Last week, yet another report was published suggesting banking has reached its digital tipping point. Figures from Javelin Strategy & Research suggest that for the first time ever, US consumers banked on their mobiles more than in branches last year.
We’re seeing a similar picture in the UK, as the large banks increase their technology spend and consumers become increasingly comfortable with trying new financial technologies. It’s also happening in developing economies, where remarkable mobile adoption is opening up access to financial services for millions of the "unbanked" population.
It would be tempting to cite this as further proof that we have entered a new era of digital banking – the rise of banking for the Uber generation. Former Barclays boss Anthony Jenkins hinted at that last year, in a stern warning to the incumbent banks.
But in truth, this isn’t new. In fact, neither is financial technology, despite the remarkable hype surrounding the ‘fintech’ sector over the past 18 months. Banks have been inherently digital for decades – one could almost make the case that for a long time, banks have been part financial institution, part technology company. In fact, BBVA’s Jeff Dennes went as far as to state: “we think like a technology company”.
It’s also time we took a more mature view of the growing consensus that a wave of fintech upstarts will ‘kill the big banks’ – or that technology giants like Amazon and Facebook will be the dominant financial services providers of the future.
They are agile in their use of technology and are exploring new ways to exploit the volumes of data they produce, but will consumers really buy into it? And given that account switching rates remain relatively low, is it realistic to expect a mass migration away from traditional banks any time soon? That seems unlikely.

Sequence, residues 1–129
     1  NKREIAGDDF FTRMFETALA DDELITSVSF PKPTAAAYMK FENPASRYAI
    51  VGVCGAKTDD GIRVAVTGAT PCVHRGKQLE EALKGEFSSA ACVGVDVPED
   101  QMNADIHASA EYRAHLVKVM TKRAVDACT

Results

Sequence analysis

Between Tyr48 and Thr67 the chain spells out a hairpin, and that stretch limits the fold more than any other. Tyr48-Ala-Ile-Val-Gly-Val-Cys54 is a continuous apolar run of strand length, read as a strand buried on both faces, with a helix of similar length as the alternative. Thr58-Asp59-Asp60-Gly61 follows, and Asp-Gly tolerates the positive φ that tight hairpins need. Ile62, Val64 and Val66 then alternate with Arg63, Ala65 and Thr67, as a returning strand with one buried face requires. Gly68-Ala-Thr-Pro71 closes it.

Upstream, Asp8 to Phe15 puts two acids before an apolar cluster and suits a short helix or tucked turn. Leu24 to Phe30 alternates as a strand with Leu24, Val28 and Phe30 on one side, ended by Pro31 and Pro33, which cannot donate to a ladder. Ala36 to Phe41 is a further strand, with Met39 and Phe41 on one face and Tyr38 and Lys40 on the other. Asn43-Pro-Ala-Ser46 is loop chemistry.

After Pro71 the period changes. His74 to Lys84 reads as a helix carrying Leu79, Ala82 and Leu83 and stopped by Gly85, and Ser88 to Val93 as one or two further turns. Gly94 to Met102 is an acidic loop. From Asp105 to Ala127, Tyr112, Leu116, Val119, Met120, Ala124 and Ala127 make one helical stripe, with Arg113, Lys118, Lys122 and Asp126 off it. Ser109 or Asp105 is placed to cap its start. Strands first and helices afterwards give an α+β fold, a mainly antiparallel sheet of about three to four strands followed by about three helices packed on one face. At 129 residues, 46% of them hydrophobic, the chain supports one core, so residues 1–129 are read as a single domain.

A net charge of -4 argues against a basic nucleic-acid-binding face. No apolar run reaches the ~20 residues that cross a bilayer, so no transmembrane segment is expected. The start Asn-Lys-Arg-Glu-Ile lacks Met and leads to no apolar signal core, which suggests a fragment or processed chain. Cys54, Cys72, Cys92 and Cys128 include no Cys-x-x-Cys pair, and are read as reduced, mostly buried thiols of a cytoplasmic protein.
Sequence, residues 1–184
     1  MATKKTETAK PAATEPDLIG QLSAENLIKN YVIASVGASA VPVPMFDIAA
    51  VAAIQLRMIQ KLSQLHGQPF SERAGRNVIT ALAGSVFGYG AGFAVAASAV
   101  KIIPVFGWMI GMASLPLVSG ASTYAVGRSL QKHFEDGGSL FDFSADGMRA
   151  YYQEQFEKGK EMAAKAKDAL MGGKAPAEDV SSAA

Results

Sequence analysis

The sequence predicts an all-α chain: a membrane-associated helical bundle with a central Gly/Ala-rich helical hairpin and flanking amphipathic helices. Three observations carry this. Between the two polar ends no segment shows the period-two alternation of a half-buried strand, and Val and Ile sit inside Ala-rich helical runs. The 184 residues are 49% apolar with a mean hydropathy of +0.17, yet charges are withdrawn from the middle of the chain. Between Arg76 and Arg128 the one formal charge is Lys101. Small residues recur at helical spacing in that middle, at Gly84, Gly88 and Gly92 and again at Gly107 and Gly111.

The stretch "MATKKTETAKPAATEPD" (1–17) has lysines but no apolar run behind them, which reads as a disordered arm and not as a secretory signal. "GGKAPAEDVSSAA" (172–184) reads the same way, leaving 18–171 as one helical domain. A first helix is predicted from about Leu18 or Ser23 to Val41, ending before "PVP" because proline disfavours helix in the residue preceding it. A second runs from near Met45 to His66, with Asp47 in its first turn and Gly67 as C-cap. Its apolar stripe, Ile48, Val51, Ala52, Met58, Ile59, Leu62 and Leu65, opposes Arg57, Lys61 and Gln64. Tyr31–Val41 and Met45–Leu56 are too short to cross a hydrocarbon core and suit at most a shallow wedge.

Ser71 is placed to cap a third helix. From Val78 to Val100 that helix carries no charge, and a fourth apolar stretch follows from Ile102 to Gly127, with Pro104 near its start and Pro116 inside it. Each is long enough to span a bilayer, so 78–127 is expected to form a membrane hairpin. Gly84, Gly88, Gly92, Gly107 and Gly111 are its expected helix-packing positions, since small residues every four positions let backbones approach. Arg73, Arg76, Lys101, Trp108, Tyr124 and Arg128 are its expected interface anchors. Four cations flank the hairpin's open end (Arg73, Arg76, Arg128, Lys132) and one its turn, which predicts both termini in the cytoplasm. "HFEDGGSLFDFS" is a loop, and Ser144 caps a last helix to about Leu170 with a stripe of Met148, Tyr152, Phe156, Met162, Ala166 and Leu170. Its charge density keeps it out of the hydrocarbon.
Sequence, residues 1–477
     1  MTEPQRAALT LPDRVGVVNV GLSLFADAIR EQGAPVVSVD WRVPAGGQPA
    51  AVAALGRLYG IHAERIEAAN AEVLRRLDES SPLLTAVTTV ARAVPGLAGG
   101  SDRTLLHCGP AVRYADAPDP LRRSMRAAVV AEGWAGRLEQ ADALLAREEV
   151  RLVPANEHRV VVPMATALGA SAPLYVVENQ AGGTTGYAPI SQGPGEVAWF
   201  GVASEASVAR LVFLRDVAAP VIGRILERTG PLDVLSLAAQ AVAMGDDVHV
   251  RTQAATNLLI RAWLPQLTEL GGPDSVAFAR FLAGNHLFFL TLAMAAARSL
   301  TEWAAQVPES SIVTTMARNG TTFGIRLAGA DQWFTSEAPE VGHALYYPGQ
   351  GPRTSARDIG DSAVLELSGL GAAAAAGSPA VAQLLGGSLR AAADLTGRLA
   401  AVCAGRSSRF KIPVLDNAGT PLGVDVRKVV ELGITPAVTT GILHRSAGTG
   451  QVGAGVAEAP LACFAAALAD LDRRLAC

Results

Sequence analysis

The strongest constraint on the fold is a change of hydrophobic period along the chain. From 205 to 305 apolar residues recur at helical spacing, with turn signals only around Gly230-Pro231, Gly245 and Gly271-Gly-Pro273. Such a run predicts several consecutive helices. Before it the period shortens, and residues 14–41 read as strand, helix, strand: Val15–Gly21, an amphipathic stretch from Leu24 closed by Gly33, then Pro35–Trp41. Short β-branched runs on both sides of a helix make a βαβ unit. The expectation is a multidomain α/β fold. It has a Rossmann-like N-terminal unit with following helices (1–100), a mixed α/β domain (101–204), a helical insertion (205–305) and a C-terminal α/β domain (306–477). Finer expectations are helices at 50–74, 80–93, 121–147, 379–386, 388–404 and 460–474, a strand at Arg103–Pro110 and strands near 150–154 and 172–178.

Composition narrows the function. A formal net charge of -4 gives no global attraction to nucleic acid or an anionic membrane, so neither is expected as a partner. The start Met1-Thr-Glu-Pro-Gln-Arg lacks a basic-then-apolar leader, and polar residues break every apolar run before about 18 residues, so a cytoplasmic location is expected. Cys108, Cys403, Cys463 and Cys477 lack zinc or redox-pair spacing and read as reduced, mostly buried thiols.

Banks are, of course, beginning to use new forms of technology – from biometrics to blockchain. But this represents evolution, rather than revolution. Our own research recently found that British banks are already excelling when it comes to innovation, convenience and access for customers; the expectations gap they must close still relates to trust and transparency. Interestingly, the four major UK banks also scored particularly well in the research – perhaps because of their significant customer service presence, and their ability to offer customers a number of different access points for managing their finances.
All eyes will also be on Atom Bank – the UK’s first digital-only bank, set to launch this year. Working with Atom first-hand on its technology, as well as with many of the large incumbents, it has become clear to us that "digital" is the past, present and future of banking.
So, should the City be panicking about the imminent death of banking and the industry’s Uber moment? Not quite – but it must push ahead with modernising cumbersome legacy systems, taking a bold approach in testing new technologies, and invest even more in partnering with these innovative new fintech disruptors.
I think a little bit of optimism would be refreshing – and who knows, perhaps the FCA’s new "regulatory sandbox" will help us along the way.